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Told That We Had Nothing to Worry About': Parents Sue for 'Wrongful Birth' After Daughter Born With Down Syndrome


"It was devastating."

The parents of a child born with Down syndrome are suing a Portland, Ore. health center for "wrongful birth," saying they would have aborted their daughter had they known she had a chromosomal abnormality.

Deborah and Ariel Levy filed suit against Legacy Health, blaming their maternity center and lab for allegedly botching the prenatal test that should have revealed that their daughter, Kalanit, has an extra 21st chromosome, the Oregonian reported.

The couple, who also have two young sons, are suing for the expected lifetime costs of caring for their now-4-year-old daughter -- an estimated $3 million. A jury began deliberating their case Thursday.

According to the Oregonian, hospital staff told the Levys when their daughter was born in 2007 that it looked like she had Down syndrome. When a doctor asked Deborah Levy -- who at 34 years old was at an increased risk for having a baby with a genetic disorder -- whether she had undergone prenatal testing she said yes, and that the results had been normal. However, a subsequent blood test performed just after Kalanit was born confirmed the diagnosis.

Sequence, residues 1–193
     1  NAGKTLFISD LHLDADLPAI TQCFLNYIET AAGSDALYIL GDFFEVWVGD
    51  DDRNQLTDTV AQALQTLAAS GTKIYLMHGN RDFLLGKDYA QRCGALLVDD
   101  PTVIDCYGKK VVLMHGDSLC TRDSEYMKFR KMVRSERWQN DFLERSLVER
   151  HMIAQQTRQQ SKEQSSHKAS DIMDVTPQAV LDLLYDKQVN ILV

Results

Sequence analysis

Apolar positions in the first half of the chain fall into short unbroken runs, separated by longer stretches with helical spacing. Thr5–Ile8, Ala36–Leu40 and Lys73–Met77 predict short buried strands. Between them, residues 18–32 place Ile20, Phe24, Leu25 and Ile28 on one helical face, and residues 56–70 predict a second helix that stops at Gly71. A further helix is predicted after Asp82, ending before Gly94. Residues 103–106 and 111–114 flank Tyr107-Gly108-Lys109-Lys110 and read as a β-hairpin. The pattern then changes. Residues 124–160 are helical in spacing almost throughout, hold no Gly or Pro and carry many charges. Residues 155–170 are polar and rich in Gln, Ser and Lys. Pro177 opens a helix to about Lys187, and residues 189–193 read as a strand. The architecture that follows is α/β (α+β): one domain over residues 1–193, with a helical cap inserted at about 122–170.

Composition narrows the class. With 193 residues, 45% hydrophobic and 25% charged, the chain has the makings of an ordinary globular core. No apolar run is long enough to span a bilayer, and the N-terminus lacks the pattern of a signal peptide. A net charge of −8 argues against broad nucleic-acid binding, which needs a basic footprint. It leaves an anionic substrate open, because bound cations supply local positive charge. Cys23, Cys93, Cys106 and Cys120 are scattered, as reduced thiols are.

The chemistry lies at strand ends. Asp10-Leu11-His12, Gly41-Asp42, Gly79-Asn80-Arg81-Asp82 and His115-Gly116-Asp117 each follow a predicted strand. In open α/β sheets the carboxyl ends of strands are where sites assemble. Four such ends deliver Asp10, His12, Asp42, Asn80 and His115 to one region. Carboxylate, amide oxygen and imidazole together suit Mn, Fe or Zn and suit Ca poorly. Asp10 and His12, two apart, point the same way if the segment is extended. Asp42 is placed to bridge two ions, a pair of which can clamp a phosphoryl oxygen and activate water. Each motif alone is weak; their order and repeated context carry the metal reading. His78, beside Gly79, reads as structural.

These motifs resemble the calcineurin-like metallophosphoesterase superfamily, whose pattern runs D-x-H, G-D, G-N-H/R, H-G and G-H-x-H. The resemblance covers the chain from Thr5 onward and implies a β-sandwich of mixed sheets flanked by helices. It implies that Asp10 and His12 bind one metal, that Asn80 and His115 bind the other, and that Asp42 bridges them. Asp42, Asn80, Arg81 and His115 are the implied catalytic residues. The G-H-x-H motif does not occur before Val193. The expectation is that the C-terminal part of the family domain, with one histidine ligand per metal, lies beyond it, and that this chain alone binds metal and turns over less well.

The Levys' lawyer contended the doctor who performed the prenatal test -- called a chorionic villus sampling, or CVS -- erred in taking a sample of maternal tissue, rather than fetal tissue, the newspaper reported. Meanwhile, Legacy's attorney held that all proper procedures were followed, and said Kalanit's form of Down syndrome means a significant number of her cells don't have an extra chromosome.

"We were told that we had nothing to worry about," Ariel Levy told jurors of receiving the initial test results, according to the Oregonian.

But when the baby's blood test results came back with the news, Deborah Levy said, "It was devastating."

The parents, whose sons are both healthy, said they worry about Kalanit's future medical problems and the extra care she'll need all her life. They've been told she likely won't ever be able to live on her own or support herself.

A previous Oregonian report said the Levys were initially seeking $14 million to cover the cost of raising their daughter, including for education, medical care and other therapies.

The Levys' lawyer said the couple have received death threats and the judge overseeing the case has banned courtroom photos of them for safety reasons.

The subject of prenatal testing has at times been a heated one during the presidential campaign. As The Blaze previously reported, GOP contender Rick Santorum, the father of a child with a genetic disorder, got into an emotional debate on the topic with CBS's Bob Schieffer last month.

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